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Advanced Architectures Chassis/Traction concept for Future Electric vehicles

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Designing the electric vehicle of the future

Pioneering new electric vehicle components have been shown to improve overall efficiency and performance, which could help to boost market uptake.

Transport and Mobility icon Transport and Mobility

Electric vehicles (EVs) are becoming increasingly important in the global effort to achieve climate neutrality. Reducing the number of fossil fuel-powered vehicles on the road – and improving EV efficiencies – can help to lower carbon emissions. What’s more, affordable pricing, along with technological breakthroughs, have made EVs an increasingly attractive and viable option for many consumers.

Improving the performance of EVs

Nonetheless, the widespread adoption of EVs has been hindered by consumer hesitancy, as well as various technological challenges. These technical issues have often been linked to vehicle performance, motion dynamics and braking strategy. The ACHILES project was developed to address these challenges – and make EVs ever more market viable. “The ACHILES project focused on enhancing an existing vehicle, the Audi Q2, by defining the architecture and control strategy for different subsystems,” explains project coordinator Omar Hegazy, a professor at the Vrije Universiteit Brussel (VUB) in Belgium. “These subsystems included the brakes, chassis, battery and powertrain, with newly developed e-motors.”

Technological breakthroughs achieved

The project team developed and prototyped innovative new components for each of these subsystems. These innovations were then integrated, and tested on an ACHILES vehicle. Important results were achieved in improving all four subsystems. “Each of these technological breakthroughs is a paradigm shift on its own, but together, they can significantly reduce the weight, system complexity and cost of an EV,” says Hegazy. “We were also able to show how they can increase reliability and user comfort, as well as safety and security.” The first innovation is a new torque vectoring algorithm that significantly improves vehicle dynamics. Overall stability was increased by more than 10 % through better steering. “The second innovation is a new wheel concept design equipped with full by-wire braking,” explains Hegazy. “This includes a new friction brake concept.” Tests showed that brake particle emissions could be reduced by at least 50 % by using the aluminium metal matrix composite disc installed in the ACHILES vehicle. The aluminium friction brakes also resulted in an overall weight reduction of around 19 kg. “The third innovation is an out-of-phase control, which intentionally dissipates excess braking energy in case of fully charged batteries,” adds Hegazy. “This also helps to reduce the weight of the brake system. The newly developed e-motor also enables high heat dissipation.” Finally, the fourth innovation is a centralised computer platform that hosts e-drive functionalities. This reduces the number of electronic control units and networks, and meets all necessary safety and security requirements. “This can support centralised domain controllers required to implement high automation and autonomy concepts, a key requirement for smart mobility,” notes Hegazy. “This can reduce the weight of the control system by up to 20 %.”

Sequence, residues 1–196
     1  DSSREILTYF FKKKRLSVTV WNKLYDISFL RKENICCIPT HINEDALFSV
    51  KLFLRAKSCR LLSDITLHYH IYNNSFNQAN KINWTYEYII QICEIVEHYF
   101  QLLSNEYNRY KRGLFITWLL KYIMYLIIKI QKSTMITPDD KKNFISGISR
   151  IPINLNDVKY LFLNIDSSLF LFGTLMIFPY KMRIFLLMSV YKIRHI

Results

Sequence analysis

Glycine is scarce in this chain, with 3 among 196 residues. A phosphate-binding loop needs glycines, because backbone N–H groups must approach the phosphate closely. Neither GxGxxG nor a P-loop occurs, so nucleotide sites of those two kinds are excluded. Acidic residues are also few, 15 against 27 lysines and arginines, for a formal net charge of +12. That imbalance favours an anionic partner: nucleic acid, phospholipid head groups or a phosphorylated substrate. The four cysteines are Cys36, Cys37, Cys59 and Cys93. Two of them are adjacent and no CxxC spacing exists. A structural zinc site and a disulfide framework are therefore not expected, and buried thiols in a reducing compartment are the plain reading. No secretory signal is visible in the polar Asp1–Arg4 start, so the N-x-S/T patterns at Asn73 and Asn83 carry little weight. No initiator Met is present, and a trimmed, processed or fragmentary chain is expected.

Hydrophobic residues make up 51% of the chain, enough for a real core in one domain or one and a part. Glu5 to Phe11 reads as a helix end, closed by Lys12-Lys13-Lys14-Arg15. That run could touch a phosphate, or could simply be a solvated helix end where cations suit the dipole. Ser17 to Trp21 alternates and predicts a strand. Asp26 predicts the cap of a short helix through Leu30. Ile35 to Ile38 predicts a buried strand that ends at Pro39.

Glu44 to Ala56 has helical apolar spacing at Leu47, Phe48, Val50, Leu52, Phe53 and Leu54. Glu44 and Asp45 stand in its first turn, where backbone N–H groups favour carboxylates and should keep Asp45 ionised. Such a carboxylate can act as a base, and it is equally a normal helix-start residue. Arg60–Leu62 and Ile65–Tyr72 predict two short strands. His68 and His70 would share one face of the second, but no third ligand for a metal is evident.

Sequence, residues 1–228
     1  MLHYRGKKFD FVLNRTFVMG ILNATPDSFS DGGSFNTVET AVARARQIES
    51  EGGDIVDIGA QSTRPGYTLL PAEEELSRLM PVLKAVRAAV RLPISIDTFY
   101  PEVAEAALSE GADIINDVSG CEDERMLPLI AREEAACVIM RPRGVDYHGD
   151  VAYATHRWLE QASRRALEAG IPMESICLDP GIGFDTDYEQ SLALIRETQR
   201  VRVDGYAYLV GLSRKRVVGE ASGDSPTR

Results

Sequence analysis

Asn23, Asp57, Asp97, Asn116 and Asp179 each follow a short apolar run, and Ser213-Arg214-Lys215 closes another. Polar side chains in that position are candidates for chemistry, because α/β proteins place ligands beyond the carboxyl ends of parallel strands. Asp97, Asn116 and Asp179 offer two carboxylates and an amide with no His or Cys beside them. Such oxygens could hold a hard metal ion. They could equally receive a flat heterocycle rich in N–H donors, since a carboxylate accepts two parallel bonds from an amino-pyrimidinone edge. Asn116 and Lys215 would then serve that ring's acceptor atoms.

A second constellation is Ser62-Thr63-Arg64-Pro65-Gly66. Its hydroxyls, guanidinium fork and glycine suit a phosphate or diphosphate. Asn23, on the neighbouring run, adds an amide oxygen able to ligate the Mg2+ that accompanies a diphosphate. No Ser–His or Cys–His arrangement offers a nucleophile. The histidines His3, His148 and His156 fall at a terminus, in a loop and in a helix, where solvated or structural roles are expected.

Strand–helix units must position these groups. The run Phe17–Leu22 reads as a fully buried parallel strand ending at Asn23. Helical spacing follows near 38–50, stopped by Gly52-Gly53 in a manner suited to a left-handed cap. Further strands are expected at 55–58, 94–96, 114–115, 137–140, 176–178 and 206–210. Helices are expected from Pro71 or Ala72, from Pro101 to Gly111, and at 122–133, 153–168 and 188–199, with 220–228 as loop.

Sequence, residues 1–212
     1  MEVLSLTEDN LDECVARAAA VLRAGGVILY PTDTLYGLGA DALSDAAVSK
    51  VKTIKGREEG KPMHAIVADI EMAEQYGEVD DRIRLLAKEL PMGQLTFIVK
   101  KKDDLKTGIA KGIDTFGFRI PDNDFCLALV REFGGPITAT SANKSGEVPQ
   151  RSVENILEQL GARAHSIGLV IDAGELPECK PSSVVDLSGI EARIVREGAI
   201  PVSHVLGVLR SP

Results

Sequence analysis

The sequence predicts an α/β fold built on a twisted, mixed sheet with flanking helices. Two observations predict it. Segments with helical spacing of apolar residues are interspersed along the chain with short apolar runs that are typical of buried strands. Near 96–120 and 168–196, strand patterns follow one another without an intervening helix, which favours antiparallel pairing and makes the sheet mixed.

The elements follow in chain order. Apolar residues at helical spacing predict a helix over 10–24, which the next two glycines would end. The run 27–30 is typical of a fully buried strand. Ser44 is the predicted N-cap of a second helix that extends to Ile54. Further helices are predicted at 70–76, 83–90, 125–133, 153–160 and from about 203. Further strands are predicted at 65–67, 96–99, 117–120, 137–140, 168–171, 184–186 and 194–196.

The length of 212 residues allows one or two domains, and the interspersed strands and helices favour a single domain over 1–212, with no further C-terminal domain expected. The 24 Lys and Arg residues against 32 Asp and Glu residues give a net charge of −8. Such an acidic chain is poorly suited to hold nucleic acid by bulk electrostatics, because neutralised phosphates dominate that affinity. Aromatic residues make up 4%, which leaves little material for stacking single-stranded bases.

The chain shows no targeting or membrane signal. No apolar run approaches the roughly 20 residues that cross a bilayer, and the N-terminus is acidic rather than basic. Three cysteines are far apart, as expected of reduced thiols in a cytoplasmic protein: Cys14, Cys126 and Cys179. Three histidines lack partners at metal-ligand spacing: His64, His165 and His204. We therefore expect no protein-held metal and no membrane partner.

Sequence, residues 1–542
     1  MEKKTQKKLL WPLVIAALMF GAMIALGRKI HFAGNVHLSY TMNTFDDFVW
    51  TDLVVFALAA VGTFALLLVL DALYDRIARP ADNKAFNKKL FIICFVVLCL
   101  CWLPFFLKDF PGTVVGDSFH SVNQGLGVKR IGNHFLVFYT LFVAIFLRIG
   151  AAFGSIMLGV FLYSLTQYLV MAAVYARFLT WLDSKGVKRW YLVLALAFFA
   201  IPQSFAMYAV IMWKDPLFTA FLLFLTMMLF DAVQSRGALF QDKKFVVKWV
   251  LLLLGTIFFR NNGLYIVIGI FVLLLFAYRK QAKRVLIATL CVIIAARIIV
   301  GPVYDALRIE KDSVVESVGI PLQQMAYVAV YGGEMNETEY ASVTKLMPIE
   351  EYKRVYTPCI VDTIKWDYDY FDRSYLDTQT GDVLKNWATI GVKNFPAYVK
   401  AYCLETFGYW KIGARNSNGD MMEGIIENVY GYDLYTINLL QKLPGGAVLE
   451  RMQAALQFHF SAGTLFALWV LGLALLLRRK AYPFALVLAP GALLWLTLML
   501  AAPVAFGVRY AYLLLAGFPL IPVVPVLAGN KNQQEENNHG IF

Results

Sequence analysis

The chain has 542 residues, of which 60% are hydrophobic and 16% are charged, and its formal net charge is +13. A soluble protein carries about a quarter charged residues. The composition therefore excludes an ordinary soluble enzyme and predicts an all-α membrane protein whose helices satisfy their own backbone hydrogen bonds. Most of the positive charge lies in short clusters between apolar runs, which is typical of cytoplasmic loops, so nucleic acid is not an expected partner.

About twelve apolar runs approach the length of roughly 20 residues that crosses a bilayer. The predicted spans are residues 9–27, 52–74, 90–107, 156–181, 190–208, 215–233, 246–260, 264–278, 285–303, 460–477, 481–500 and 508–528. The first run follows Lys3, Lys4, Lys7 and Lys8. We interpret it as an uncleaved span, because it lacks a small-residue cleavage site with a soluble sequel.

Inspiring future EV research

Hegazy and his team hope that the integration of all four ACHILES concepts into an EV will eventually help to reduce the total cost of ownership, increase the driving range and improve user acceptance and market uptake. “Moving forward, we would like to see all four technological breakthroughs further refined and optimised for mass production,” he concludes. “And second, we hope that the ACHILES project can inspire and guide future research and development efforts aimed at improving the performance, efficiency and safety of EVs.”


ACHILES, EV, electric vehicle, carbon, emissions, brakes, chassis, powertrain

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